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‘Mammuso Lebakeng – Crafts trader, Lesotho

‘Mammuso Lebakeng – Crafts trader, Lesotho Malefetsane Soai/IRIN

‘Mammuso Lebakeng has been making and selling crafts in Maseru, Lesotho's capital, for five decades. But in recent years, sales have been poor and her income from farming has declined due to unfavourable weather.

Lebakeng had six children, but only two are still alive. Although she is now a pensioner, she cannot afford to retire as she is helping to support two of her grandchildren.

Name: ‘Mammuso Lebakeng

Age: 72

Location: Maseru

Does your spouse/partner live with you? My husband passed away some years ago.

What is your monthly salary? It fluctuates. In a good week, I make 500 maloti [US$63], meaning I can make 2,000 maloti [$252] profit per month. But after the burning of our exhibition centre, our income has dwindled drastically. I sometimes make a mere 100 maloti [$13] per week, especially during rainy or cold weather. In addition, I get a monthly pension of 300 maloti [$38] from the government.

What is your household’s total income - including your partners’ salary, and any additional sources? In a good month, it’s 3,150 maloti [$394], including my daughter-in-law’s monthly salary of between 850 maloti [$106] and 1,500 maloti [$188]. She works at one of the Chinese-owned garment factories.

How many people are living in your household - what is their relationship to you? It’s me, my daughter-in-law and her two children.

How many are dependent on you/your partner’s income - what is their relationship to you is? Three, my daughter-in-law and her two children.

How much do you spend each month on food? It’s a minimum of 600 maloti [$78] per month.

What is your main staple - how much does it cost each month? Maize meal. Per month, we spend 260 maloti [$32] on maize meal.

How much do you spend on rent? I have my own house, and I don’t pay rent.

How much on transport? 480 maloti [$60] per month

How much do you spend on educating your children each month? We spend 400 maloti [$52], but it’s only for transport because they attend a government school free of charge. They also get free lunch.

After you have paid all your bills each month, how much is left? In most cases, I am left with barely anything, and I am usually forced to borrow money from my friends to buy materials for my business for the next month.

Have you or any member of the household been forced to skip meals or reduce portion sizes in the last three months? Not a chance! I am a diabetic and I can’t afford to gamble with my health. Also, my grandchildren are still young, and I can’t make them suffer just because I want to save some food or money. It's true, I am poor, but in case there is no food in my house, I borrow flour or maize meal from my neighbour. That’s how we survive in my area - we rely on each other and nobody can die of hunger in our presence.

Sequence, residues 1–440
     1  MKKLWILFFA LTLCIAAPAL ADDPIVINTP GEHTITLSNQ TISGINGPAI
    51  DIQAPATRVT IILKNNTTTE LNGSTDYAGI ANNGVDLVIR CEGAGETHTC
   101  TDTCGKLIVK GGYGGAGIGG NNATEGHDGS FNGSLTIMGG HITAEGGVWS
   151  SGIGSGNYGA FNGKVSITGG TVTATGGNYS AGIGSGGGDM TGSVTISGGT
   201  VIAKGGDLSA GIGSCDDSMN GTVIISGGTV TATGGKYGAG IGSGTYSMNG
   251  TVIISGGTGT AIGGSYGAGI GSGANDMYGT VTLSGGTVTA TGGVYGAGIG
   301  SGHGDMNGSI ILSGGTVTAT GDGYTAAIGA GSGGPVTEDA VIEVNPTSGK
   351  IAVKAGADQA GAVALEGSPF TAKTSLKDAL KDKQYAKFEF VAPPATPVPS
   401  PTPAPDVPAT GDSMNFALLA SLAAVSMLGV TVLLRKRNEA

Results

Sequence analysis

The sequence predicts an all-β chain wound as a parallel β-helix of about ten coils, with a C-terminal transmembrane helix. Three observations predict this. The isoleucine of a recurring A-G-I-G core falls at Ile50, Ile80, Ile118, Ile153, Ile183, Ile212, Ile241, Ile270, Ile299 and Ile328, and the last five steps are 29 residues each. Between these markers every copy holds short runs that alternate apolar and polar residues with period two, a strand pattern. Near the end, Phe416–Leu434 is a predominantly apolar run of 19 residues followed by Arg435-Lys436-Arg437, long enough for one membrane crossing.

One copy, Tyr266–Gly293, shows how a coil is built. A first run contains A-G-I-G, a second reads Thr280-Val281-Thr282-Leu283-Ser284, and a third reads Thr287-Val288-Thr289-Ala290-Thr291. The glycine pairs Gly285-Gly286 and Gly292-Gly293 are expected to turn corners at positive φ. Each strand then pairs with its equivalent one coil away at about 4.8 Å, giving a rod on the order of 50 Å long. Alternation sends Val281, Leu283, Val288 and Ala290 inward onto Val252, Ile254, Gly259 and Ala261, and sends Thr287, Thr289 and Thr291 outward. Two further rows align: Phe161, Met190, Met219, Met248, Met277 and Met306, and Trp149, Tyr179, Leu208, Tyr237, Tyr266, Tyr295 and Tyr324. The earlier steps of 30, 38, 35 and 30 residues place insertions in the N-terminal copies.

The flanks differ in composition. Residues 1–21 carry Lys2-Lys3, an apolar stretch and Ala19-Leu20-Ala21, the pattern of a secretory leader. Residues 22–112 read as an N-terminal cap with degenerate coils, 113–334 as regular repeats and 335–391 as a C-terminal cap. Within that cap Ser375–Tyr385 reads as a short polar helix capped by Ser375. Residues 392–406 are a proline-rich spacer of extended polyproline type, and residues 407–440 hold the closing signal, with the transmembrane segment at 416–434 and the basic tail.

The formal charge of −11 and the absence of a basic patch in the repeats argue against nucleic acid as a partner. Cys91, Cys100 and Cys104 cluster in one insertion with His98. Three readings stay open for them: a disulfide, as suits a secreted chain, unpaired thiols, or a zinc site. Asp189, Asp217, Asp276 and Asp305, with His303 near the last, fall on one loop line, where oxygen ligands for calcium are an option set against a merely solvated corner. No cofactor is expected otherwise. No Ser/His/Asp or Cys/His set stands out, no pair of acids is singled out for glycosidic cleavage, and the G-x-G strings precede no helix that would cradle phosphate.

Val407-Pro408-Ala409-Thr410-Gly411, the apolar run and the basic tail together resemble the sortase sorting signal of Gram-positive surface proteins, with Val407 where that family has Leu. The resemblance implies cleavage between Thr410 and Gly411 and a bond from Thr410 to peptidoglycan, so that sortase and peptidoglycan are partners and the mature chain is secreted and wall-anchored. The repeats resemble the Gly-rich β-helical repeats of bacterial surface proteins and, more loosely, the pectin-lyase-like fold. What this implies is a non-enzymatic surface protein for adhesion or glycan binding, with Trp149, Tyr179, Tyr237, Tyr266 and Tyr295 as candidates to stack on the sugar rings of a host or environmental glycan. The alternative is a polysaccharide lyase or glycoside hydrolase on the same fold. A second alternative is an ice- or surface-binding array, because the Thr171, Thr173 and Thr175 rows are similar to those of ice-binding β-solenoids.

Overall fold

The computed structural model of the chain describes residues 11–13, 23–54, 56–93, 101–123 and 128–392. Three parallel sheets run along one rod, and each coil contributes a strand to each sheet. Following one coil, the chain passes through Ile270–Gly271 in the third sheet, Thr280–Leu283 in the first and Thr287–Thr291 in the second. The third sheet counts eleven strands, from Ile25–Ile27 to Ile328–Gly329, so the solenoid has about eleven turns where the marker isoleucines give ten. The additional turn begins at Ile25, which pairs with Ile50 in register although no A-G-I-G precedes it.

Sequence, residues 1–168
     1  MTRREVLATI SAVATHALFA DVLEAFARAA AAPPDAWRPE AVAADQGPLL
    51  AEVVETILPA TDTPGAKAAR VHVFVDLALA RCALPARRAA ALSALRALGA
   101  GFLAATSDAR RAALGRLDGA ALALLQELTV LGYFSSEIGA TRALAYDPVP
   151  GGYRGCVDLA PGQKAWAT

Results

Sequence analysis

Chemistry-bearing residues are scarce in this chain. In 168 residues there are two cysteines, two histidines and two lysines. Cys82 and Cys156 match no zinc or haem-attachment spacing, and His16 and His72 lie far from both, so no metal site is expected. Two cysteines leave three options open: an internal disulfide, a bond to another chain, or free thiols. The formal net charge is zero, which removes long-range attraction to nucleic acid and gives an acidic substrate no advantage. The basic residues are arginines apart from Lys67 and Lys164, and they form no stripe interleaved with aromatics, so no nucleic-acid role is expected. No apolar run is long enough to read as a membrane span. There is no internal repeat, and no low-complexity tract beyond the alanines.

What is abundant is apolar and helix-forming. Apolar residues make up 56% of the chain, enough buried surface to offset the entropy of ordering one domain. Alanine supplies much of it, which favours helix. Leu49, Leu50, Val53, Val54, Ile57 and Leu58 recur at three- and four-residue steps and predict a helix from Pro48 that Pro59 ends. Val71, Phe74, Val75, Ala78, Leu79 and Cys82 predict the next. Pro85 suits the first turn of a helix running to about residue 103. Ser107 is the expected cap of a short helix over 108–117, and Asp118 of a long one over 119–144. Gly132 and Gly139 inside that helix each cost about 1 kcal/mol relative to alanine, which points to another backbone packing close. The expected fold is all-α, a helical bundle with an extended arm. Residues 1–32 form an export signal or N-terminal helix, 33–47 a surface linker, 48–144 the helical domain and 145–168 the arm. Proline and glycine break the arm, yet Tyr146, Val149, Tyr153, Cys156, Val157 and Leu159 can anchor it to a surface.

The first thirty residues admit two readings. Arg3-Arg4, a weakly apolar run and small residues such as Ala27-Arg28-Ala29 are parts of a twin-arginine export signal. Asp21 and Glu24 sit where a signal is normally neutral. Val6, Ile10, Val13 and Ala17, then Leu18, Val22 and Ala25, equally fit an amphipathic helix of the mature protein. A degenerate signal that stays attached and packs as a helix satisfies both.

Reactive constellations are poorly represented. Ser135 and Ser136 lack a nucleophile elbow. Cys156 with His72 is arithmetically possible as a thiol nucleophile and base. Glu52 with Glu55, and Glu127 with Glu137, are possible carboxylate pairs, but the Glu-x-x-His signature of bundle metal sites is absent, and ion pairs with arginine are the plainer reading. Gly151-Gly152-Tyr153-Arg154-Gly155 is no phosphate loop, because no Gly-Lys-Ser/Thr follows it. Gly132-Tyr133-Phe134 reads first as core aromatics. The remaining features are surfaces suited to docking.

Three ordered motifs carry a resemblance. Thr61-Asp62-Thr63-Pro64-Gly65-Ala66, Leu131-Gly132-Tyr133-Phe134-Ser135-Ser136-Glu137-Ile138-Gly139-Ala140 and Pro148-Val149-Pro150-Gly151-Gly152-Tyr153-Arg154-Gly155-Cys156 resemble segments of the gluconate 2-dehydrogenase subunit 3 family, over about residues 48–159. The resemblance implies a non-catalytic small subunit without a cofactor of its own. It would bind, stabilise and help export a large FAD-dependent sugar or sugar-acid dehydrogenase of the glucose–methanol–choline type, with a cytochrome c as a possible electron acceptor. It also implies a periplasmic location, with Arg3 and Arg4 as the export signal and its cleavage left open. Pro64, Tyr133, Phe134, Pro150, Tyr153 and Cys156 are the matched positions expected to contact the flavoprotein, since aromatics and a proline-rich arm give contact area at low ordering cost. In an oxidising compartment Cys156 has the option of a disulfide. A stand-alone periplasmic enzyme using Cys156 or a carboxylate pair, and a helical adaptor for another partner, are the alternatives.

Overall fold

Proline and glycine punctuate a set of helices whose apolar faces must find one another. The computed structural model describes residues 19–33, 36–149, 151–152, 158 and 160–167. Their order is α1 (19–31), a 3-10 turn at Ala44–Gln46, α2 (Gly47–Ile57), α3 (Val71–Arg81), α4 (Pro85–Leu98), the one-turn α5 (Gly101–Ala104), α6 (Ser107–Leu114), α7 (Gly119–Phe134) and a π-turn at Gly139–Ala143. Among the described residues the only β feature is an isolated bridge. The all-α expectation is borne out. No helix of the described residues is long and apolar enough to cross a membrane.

Have you been forced to borrow money (or food) in the last three months to cover basic household needs? That happens quite often.

“I have been working with crafts since as early as 1962. I have never been employed anywhere else. I inherited all the skills from my mother. I am not educated, and I guess this is my only weapon.

“I would normally go and sell as far as Free State [Province] in South Africa, but business was not always good, and I decided to come back home to figure out how I could best improve my business in the comfort of my home and my country.

“It’s true that I am old but I don’t feel it... and I have grandchildren to look after. My son just passed on some years back, and at home I live with my daughter-in-law and her two children. My two surviving children are both married.

“From colonial times until the early 1990s, the tourism industry was quite good and our goods had a reliable market. However, things started to change from bad to worse in recent years. We sometimes sell almost nothing per day.

“To add salt to the wound, our exhibition centre where we displayed all our crafts was gutted by a fire in 2010, and the little market we have has dried up. Tourists hardly notice us in the street, where we don’t have proper structures or shelter.

“I have three hectares of land. When properly planted, the field yields a minimum of two tons of maize. But for the past three years, I have been harvesting far below that, and 2012 has been the worst year for me because I only harvested seven 50kg bags of maize - barely enough to cater to our needs for the whole year.

“We struggle to make ends meet. And I was stressed to learn that the Maseru City Council is planning an ambush on us street vendors. Where will we go if they drive us off the streets?

“But just a few weeks ago, I learned that I have repaid all my debts. I will start December as a debt-free woman. I am so relieved!

“I sincerely believe by next year, my financial situation will have improved dramatically. In January, I will be joining the women’s club, where we pool our monies each month and share the profits at year’s end. It’s going to make my life easier.”


June 2013 update

This article was produced by IRIN News while it was part of the United Nations Office for the Coordination of Humanitarian Affairs. Please send queries on copyright or liability to the UN. For more information: https://shop.un.org/rights-permissions

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